The South East European Division (SEED) of the World Academy of Art & Science (WAAS) has proposed a triple helix approach — Government, Education and Business — to eradicate unemployment in Croatia and make the country a model for the rest of the region. At a meeting in Zagreb on April 18-19, SEED experts presented a detailed strategy for achieving full employment in the region. In spite of the global population explosion, during the past 50 years the number of new jobs has increased 50% faster than the growth of population and during the past decade global job growth has been 21% higher than population growth. In Croatia, this trend has been reflected as a 19% decrease in unemployment from 2000 to 2005. The employment issue is of crucial importance to Croatia, which is trying to establish the private sector as the engine and principle source of employment opportunities. Employment is the principal means by which citizens in democratic, market economies can meet their needs and fulfill their socio-economic aspirations. Particularly troubling is the extremely low youth employment rate (24.9%) and high youth unemployment rate (36%). The Academy believes that the problems of low employment rate and high unemployment in Croatia can be totally eliminated within 2-3 years provided that there is a willingness to adopt fresh and innovating pragmatic approaches that reject conventional wisdom and a concerted decision and determination by all parties to do everything necessary to achieve full employment. The right to employment should be guaranteed to every citizen. The Academy’s approach is to consider employment in its widest social context in relationship to the development of the society as a whole. Based on this approach, a wide range of strategies can be formulated to accelerate job creation, including
- Fill the skill shortage: There is a global shortage of workers with the required level of skills to fill vacant positions in every sector. Equipping job seekers with the skills companies are seeking can significantly accelerate job creation and business growth. Collaboration between education and business is essential to identify the skills needed for career success in a rapidly changing economy and society. The first necessity is to study the skill gaps in both the domestic and international job market and evolve effective programs, such as computerized vocational training, to impart these skills.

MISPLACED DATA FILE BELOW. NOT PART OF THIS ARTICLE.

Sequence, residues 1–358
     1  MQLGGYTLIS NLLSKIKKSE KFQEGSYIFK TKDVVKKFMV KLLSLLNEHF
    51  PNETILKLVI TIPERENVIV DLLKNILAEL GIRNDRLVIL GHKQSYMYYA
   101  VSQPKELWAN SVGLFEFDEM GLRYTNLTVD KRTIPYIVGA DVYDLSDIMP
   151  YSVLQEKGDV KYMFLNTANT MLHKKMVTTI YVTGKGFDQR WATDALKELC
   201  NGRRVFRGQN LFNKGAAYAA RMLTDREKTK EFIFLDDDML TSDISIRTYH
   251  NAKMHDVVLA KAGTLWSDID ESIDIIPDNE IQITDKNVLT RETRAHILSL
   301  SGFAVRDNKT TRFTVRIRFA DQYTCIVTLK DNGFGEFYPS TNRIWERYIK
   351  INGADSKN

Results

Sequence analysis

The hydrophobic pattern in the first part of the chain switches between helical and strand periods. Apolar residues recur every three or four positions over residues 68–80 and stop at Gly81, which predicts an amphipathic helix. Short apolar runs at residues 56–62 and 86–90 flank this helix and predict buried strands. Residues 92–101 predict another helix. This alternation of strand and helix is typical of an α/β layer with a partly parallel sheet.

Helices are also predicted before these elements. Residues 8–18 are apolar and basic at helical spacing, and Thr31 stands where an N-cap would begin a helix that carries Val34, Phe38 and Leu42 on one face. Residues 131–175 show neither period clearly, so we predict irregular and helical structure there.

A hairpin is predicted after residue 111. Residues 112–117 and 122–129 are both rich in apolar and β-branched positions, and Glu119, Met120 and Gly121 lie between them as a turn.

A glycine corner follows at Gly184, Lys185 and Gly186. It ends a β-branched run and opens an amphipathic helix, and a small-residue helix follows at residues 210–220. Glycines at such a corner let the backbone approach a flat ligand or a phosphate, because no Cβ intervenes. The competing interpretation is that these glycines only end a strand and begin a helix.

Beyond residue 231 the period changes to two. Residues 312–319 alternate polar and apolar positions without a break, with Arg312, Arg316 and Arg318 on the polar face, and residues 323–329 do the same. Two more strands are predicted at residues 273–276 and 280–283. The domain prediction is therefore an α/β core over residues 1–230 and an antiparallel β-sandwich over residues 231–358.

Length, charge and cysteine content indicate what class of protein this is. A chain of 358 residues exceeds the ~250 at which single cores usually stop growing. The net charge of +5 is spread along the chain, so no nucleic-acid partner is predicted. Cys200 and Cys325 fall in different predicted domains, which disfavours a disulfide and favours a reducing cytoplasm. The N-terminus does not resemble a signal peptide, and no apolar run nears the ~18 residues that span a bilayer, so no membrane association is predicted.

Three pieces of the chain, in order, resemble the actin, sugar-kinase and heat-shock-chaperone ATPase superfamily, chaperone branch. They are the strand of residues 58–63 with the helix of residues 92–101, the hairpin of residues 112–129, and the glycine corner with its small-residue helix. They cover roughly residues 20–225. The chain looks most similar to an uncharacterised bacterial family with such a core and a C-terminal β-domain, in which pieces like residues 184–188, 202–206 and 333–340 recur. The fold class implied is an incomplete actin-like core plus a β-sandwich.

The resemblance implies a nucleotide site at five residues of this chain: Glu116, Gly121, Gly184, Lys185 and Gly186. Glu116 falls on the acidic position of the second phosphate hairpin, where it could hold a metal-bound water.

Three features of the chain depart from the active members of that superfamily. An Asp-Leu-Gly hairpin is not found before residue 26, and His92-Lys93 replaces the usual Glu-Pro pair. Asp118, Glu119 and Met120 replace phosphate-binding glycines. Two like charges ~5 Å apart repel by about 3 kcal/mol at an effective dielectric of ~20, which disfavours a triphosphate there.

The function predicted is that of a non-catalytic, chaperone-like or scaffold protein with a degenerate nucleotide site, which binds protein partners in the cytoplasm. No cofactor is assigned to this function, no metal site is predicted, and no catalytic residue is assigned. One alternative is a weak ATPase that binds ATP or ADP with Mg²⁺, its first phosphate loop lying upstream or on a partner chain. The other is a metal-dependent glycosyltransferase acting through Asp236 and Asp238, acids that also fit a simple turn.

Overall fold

- Part-time employment: Present regulations prevent or discourage people from seeking part-time instead of full-time employment. Experience in countries such as Netherlands shows that removing the disincentives for part-time work can raise total employment by 2 or 3% or more, since many young mothers and older workers now working full-time would prefer to work fewer hours for less pay. This would create additional job opportunities for those who are presently unemployed.
- Education: Unemployment rates in Croatia are highest among young people with the lowest educational attainments. Raising the minimum mandatory level of education will slow the movement of youth into the workforce, enhance the learning capacities and employability of new job seekers, and increase job growth in education and education-related fields such as publishing. The issue of employment embraces the entire society – its values, culture, attitudes, expectations, organization and skills, as well as technology and public policy. Taking this wider perspective, ample means can be found for expanding employment through measures that accelerate development of the society as a whole. Full employment is an achievable goal for Croatia today.